Dinner at Jacout,  the best food in Morocco

Pick up a cab on the street. He sees big bucks, since it's a fancy restaurant, and asks 150 Dhs to take us and wait to bring us back. I tell him (twice) to stop the cab. OK, he says, gratuit. I offer 10 Dhs. He says that's the price for Moroccans, and I should pay whatever I think is right. D'accord. I figure that I'll remember the route so we can walk back. He takes us on a long drive thru the medina - mostly a straight narrow street, but then a left turn, some right turns, and . . . Gloria worries that he's taken us into "the darkest part of the forest where all the hobgoblins are", but I'm not worried, since we're following a grand taxi. We get out of the taxi at a tiny plaza, like a demolished & leveled house. I give him all the change I have, 18 Dhs.

We're greeted by a man in red fez, white djellaba, and yellow babooshes, who takes us down a path bordered by partitions hiding some construction work to a fancy building. We see the pool, take a winding staircase encased in fired brick to the rooftop site of the bar (which is moved to the premier etage because it's cold) for the view of the medina. In the dark we see a few minarets, the far-off Koutoubia, many many buildings. Then back to the rez-de-chausse where we're seated next to a smoldering fireplace, with a table of 6 French between us and the 2 musicians. The 6 include a blonde in black who looks like Barbara Hutton. Gloria says they reek of Francs.

Mr. is thin and tall, in a double-breasted gray suit. Our wine comes in a fancy blue-glass jug; a thin red with nasty overtones. After we finish it, we're served the remains of a bottle from the 6. Either their wine is better or my taste buds are dead by then.

The fireplace is new - about 20 years, with very nice zelig work, including many unglazed tiles and a big-scale zelig mural over the mantle. Other zeligs are good too. One section has 3-bladed-propellor shapes like the Alhambra, which we haven't seen here. It's a narrow room with 6 or 8 tables along one side and facing tables at the ends, where there are fireplaces. Glass doors are usually open to the small swimming pool, but tonight they're closed against the cold.

First course - 9 prepared cold dishes. I tell Mr. that it's the best food we've had in 30 days in Morocco, which it is.

The dishes were outstanding because they did not spare the spices. Most Moroccan food is dull because the spices aren't there.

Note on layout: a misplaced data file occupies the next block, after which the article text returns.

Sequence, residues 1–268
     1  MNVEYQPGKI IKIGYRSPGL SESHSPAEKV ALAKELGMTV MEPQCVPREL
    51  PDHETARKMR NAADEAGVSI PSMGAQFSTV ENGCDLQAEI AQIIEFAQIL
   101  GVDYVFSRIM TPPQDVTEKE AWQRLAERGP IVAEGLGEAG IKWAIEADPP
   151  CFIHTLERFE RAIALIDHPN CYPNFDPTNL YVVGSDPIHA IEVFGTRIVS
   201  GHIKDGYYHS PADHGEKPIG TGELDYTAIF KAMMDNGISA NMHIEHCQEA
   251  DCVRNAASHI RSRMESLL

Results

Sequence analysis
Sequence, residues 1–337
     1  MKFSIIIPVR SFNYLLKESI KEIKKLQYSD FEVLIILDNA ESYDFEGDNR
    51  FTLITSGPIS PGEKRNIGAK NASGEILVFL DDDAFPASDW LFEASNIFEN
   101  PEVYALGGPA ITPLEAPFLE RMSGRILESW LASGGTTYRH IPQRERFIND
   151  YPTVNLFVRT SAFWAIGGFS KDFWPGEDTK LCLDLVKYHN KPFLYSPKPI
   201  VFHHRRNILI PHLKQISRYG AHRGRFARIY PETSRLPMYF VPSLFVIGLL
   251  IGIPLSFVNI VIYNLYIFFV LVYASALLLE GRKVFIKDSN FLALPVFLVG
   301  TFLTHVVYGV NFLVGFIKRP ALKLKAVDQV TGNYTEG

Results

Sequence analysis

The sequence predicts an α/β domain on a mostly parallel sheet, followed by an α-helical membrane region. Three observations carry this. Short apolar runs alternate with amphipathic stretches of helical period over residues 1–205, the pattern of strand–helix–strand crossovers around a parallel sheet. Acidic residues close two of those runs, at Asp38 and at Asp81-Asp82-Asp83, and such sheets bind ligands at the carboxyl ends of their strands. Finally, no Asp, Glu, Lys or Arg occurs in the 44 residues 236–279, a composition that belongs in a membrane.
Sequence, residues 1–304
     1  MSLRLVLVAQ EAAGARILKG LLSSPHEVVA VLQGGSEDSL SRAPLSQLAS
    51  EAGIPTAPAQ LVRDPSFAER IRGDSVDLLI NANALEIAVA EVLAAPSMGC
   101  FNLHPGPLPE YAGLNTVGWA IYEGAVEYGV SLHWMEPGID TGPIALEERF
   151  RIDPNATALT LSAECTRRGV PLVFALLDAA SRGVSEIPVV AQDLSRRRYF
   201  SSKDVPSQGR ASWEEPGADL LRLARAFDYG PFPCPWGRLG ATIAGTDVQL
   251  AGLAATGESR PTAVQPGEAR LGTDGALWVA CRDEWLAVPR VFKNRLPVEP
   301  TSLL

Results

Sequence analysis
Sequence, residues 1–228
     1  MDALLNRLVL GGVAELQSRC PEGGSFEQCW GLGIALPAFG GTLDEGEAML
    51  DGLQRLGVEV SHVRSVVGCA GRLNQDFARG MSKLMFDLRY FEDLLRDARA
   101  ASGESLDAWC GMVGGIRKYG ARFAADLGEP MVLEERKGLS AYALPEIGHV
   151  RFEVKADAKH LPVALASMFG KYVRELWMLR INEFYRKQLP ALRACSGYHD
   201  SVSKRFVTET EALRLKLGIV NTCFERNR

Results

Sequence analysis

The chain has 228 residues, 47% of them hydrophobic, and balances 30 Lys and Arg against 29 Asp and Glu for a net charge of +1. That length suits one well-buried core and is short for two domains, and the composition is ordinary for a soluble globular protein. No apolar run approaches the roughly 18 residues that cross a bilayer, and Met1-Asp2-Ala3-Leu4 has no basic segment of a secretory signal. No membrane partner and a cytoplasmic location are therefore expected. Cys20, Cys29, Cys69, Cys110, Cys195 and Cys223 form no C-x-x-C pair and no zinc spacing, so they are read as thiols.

Second - a whole chicken with preserved citron. Not the best I've had. All the meat is tough, the white meat is cardboard.

Third - Lamb tagine with orange peel. Better, especially the celery which actually picked up the orange taste.

Fourth - Couscous of lamb with carrots, potatoes, lamb, sauce (from chicken?), hot sauce. Good. Plain couscous tasted just like farina.

All this was certainly enough for 6 or 8 people. I think Mr. asked which we wanted; we asked him to repeat the selection; he didn't understand and asked us if we'd like all three; we said yes, expecting a little of each, but we got three full servings for two.

Dessert - Crispy sheets with sauce of thickened milk and almonds, a local type of bastilla. 15" diameter sheets of pastry cut into eighths and splintered all over. We almost finished it!

Cookies weren't good. Only 1 of the 4 was worth taking in Gloria's handbag.

A small coffee for me.

When the hand-written bill is presented, it says only

2 @ 500 = 1000

I also left 100 Dhs tip for the very nice waiter. He was assisted by an older, smaller runner, who brought each dish, covered in a tagine-shaped lid, to one of several tiny serving tables.

Asked them to break a 100 Dhs note so I could pay the cab to go back to the Es Saadi hotel. They had to go off premises to get such small bills. Cab was 30 Dhs. He wanted 40, citing a reservation fee or something. I think they have to pay the hotel or restaurant where they wait. Home totally stuffed!

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This page last updated December 15, 2001.

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